By: Nina Motlagh
I am grateful for my sadness whenever it visits me. I am honored to be able to feel the emotion of sadness, in the same way I am grateful when I feel happiness. I am grateful because I know what it is like to be without any and all emotions. To feel complete numbness, to wake up every morning with a fog over my head, a fog that never allowed me to see or feel or think clearly. To only want to return to sleep every morning, to sleep frequently throughout each day because the overwhelming numbness scared me to my core. If I cannot feel, then what am I? Isn't it the human experience to feel things, to have emotions? If I am numb, do I cease to be human?
The overwhelming anxiety the numbness would bring could take my breath away. When I was able to have moments of wakefulness in between my bits of sleep, I was left with the gut-wrenching, chest-tightening realization that I felt nothing. I felt like a tiny being inside an empty shell, nothing inside but the absolute emptiness that I was sinking into. I could see emotions in others, but not as often as I did before the emptiness took its residency within me; I felt like a spectator, but felt no empathy towards those I viewed. I had absolutely no appetite. I would solely consume coffee- even though I was aware that too much of it on my frequently empty stomach would trigger my anxiety. I had lost impulse control. I had lost myself.
This happened to me on more than one occasion, and I have recovered many times over. But each time I recovered, I came back as a fuller, more vibrant self. I felt every emotion in a way that I had never felt before; in a vibrant, beautifully colorful way that became more vibrant, more beautiful, and more colorful with each recovery. Today, after months of fighting the numbness away and the fresh new feeling that the Persian New Year has brought to me, I feel extreme gratitude for the emotions that visit me every day. Even sadness. The feeling of sadness has a stigma attached to it which causes many Americans to try to avoid it at all costs. We are told to only feel happiness, to only want happiness, to only celebrate happiness. But you actually cannot feel true happiness without knowing true sorrow. Without feeling and embracing sadness, you will never be able to fully welcome happiness. In Sri Lanka, sadness and grief are seen as an important part of life that each person must experience in order to continue their journey to enlightenment. They do not avoid it or ignore it. They acknowledge it, grow through it, and recognize its importance. I embrace this belief, which lead me to have an immense gratitude for all emotions, not just the obvious ones such as happiness and joy. I even began writing daily lists of gratitude in order to exercise and to grow the propensity I have for giving it out to the universe. I believe this will allow me to be rooted firmly to the present, to avoid wanting more and more all while already having so much. To be grateful for the things I have today is a wonderful feeling. It brings me peace. It brings me satisfaction. It brings me a feeling of warmth that can only be compared to the sun engulfing my entire body on a perfect spring day.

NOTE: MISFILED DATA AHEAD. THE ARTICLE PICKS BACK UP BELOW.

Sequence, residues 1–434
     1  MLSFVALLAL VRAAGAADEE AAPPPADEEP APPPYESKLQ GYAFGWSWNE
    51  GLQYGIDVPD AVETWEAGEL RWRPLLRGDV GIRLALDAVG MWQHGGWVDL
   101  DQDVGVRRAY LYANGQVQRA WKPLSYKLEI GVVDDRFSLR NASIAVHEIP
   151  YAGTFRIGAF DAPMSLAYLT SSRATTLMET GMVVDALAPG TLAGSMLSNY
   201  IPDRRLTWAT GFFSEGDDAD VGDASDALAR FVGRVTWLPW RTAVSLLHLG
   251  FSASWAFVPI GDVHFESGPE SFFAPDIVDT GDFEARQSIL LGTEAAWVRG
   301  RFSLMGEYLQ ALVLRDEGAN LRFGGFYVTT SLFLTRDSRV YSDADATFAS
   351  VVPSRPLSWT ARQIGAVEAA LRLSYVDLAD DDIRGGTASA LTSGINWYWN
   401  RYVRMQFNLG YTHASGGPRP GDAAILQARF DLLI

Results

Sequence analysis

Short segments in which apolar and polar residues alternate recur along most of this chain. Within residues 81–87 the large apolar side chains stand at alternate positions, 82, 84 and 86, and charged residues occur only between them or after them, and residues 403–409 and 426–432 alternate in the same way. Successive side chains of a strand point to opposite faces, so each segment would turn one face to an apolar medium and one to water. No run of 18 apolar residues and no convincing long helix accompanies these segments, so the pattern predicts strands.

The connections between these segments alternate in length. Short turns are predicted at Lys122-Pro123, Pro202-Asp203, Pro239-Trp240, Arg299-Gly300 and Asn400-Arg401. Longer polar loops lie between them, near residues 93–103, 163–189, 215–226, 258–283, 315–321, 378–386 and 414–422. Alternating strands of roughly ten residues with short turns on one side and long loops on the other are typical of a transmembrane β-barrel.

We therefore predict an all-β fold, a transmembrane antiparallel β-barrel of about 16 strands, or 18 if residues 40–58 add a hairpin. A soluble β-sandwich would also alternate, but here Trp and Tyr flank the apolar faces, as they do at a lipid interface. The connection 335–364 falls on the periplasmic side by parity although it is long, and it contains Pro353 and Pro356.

Begin practicing gratitude, and see the change it brings to your life. Start each morning by saying (out loud or in your head) what you are grateful for today. I urge all of you to at least try.